29. July 2009 · Comments Off on Time for Letting Go · Categories: Ain't That America?, Domestic, General, Local, Memoir

So, it’s come down to this – I have to let go of the Very Elderly Volvo, AKA “The Pumpkin” which I bought from another NCO at EBS-Hellenikon early in 1982. It is a 1975 242 Volvo two-door sedan, which I drove all over Greece and Spain, across Europe and up and down the IH-15 between Southern California and Utah too many times to count, to Albuquerque and back, and from San Diego to San Antonio when we first came to Texas. I’ve had it fixed in five European countries and four Western states, but it is now at the end of it’s reliable life. There are two many little things wrong with it now, things that make it harder to drive, things that I can’t afford to fix, and every essay out of the neighborhood with it was a nerve-wracking experience, both for me, and for Blondie waiting nervously at home. Eventually, and as my daughter repeated pointed out, the likelihood that the VEV would break down in a bad spot, resulting in a degree of personal danger to me had increased dramatically. People had always been kind and helpful, during these incidents, but I really couldn’t go on trusting in Providence and the kindness of strangers for much longer. This had the result of limiting driving the VEV to within city limits – no long road trips, and then to within the radius of a AAA tow to my favored garage. This orbit gradually narrowed – only to the Hellhole job and back, and then one night I had an awful time getting it started. I began borrowing Blondie’s Montero for trips to work, and finally just left the VEV in the driveway, not even risking driving it within the neighborhood. And that essentially negates the whole purpose of having a car, never daring to take it out of the driveway. I had hoped that by this time I might be able to afford to have it rehabbed and made mechanically reliable – and although sales of both Adelsverein and To Truckee’s Trail are gratifyingly steady, neither of them are nowhere near #1 on Amazon.com (More like #100,000, give or take a couple of thousand – nice, but nothing enabling me to quit one of the day jobs.)

So, we’re going to put it up for sale, with the trunkful of spare parts included, in hopes of attracting the interest of someone with a mad passion for re-habbing classic Volvo sedans. I know they are out there, and it may take a bit, with the combined mighty second-hand sales organs of E-Bay and Craigslist. Knowing that Blondie and I were essentially sharing one car, and that our schedules would be completely incompatible, once she goes back to school this fall, Dad offered to straight-up buy me a car last weekend. He specified a budget that he was OK with, and suggested a 90’s Honda Accord with about 150,000 miles on it, as being tops for ease of maintenance and reliability, and old enough to be affordable. So, over the last two days, I ran a fine-toothed comb over all the Craigslist ads in San Antonio offering Honda Accords, and made the discouraging discovery that Dad’s target sales price of $2,000 pretty much limited to me to something not much more reliable than the VEV, and anything less than that was truly a beater. $5,000 seemed to be the going rate for what I really needed, and one dealer advised us that if I located any Accords on the market in decent condition and in good repair for less than that, to jump on it at once. We had actually found one – owned by an elderly lady who’s son was selling it, as she was unable to drive any more. It had high mileage, and needed a new compressor, but was in excellent condition otherwise, and had only the one owner – but as the car dealer had warned, that sold twenty minutes before we were to take a look at it.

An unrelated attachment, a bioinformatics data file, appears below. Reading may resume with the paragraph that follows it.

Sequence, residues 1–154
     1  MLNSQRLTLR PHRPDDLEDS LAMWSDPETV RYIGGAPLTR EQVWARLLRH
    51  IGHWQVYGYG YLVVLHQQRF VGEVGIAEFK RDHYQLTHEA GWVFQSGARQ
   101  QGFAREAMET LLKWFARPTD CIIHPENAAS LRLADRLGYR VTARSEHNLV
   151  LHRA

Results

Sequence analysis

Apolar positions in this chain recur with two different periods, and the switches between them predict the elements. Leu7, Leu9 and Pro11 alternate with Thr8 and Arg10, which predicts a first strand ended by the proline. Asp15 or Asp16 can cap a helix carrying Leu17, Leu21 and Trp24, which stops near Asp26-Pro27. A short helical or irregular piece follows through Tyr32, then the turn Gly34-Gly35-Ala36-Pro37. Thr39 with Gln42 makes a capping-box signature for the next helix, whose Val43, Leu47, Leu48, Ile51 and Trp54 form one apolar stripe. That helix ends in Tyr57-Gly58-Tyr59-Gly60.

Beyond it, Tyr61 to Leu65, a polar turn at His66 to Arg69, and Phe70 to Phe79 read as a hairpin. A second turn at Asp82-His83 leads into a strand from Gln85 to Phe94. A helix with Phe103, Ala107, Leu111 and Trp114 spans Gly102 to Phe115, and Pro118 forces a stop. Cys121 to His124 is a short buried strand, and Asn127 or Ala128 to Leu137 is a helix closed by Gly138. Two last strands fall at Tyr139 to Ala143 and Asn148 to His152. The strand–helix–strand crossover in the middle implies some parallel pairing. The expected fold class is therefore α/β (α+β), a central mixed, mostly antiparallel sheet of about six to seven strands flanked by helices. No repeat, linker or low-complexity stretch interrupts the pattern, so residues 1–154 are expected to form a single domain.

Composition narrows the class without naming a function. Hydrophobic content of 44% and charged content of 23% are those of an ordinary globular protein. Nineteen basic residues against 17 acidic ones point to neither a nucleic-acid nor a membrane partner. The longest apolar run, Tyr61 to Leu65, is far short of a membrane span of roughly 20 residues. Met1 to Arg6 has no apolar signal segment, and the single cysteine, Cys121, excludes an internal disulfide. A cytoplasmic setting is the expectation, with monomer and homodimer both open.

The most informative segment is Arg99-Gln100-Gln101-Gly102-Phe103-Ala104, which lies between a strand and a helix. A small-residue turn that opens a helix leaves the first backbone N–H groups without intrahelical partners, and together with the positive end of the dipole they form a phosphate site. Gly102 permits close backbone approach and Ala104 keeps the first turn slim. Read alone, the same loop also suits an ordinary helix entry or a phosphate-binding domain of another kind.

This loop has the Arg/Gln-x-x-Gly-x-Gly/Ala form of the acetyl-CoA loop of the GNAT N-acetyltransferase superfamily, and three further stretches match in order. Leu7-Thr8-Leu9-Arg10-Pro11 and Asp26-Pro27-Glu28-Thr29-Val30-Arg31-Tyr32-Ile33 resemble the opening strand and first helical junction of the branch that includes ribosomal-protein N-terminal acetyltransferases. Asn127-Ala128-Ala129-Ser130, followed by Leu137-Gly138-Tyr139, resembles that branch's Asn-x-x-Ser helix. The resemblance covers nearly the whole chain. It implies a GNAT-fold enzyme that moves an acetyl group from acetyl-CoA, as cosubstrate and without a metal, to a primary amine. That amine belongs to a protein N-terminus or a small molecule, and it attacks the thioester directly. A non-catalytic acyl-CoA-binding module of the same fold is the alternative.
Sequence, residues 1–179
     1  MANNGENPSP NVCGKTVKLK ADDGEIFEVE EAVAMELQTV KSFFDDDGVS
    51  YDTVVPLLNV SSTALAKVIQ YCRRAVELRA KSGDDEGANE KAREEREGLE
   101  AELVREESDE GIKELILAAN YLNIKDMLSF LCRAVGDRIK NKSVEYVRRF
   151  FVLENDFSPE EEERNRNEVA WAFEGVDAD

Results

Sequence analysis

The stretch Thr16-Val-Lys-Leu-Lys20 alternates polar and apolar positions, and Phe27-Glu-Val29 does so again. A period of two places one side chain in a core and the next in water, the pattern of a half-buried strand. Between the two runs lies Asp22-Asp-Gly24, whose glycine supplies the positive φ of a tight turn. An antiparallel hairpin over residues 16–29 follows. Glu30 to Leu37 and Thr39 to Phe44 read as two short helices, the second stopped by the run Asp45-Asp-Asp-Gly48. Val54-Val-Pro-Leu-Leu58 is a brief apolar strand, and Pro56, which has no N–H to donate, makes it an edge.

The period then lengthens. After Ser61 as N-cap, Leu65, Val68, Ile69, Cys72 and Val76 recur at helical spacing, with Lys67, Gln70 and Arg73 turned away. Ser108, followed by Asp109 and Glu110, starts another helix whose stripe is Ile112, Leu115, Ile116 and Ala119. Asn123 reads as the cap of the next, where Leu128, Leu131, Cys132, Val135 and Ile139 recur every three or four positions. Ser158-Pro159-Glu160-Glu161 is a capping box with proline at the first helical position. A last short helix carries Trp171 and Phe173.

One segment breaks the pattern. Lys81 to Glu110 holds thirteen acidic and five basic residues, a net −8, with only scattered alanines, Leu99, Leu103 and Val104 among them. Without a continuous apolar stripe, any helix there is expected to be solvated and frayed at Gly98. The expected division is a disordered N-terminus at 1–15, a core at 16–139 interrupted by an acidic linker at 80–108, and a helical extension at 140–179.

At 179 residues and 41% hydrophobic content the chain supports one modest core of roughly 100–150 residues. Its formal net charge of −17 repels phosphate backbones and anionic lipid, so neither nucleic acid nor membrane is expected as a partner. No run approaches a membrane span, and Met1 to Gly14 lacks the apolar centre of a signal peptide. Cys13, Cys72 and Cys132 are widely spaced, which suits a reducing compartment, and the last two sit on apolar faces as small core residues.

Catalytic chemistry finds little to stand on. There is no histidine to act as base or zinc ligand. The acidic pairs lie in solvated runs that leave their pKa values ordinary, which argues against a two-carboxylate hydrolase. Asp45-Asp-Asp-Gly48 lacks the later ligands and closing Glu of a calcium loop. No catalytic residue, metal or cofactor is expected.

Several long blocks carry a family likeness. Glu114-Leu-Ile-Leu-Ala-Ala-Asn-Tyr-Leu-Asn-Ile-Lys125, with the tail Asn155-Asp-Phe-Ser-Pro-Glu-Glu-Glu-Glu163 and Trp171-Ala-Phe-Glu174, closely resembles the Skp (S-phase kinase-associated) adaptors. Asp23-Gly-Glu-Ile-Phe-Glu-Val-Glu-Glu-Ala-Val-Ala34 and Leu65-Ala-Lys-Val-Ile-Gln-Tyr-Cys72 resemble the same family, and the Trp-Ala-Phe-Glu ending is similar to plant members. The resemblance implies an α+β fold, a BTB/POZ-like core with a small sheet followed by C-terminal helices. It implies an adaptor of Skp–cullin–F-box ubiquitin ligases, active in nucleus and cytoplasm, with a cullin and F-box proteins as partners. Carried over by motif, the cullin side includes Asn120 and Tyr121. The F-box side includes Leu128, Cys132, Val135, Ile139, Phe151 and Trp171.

Dad and I have settled on a low-mileage 91’ Acura sedan, at a price of a little less than $3,000, through the good offices of a dealer on O’Connor Road. Why we had to drive all over town, before finding the perfect car a mere hop-skip-and-jump from the house is just another one of the ironies. It’s sort of a pale gold color, was high-end with all the bells and whistles when new, the interior features buff-colored leather upholstery (somewhat worn, admittedly) and the exterior is pristine – no dings, dents or scratches. It seems to have had only one owner, who took excellent care of it. I test-drove it yesterday – it has a very smooth ride, turns on a dime, feels much more solid, and the AC works, too.

So, I shall have it by the end of the week, most likely – and perhaps I will feel better about emptying out all the stuff on the VEV – the maps in the glove-box, the odd things in the trunk, washing off the dust and the bird-crap, and taking some pictures of it to appeal to the auto-restorer who will – with luck, decide that he or she wants it for their next project.

Time for letting go. Of everything about the VEV, but the Greek medallion of St. Christopher on the dashboard, which the Greek wife of the guy I bought it from all this time ago stuck there. That goes onto the Acura – it did a good job for thirty years, and should be good for thirty more.

Comments closed.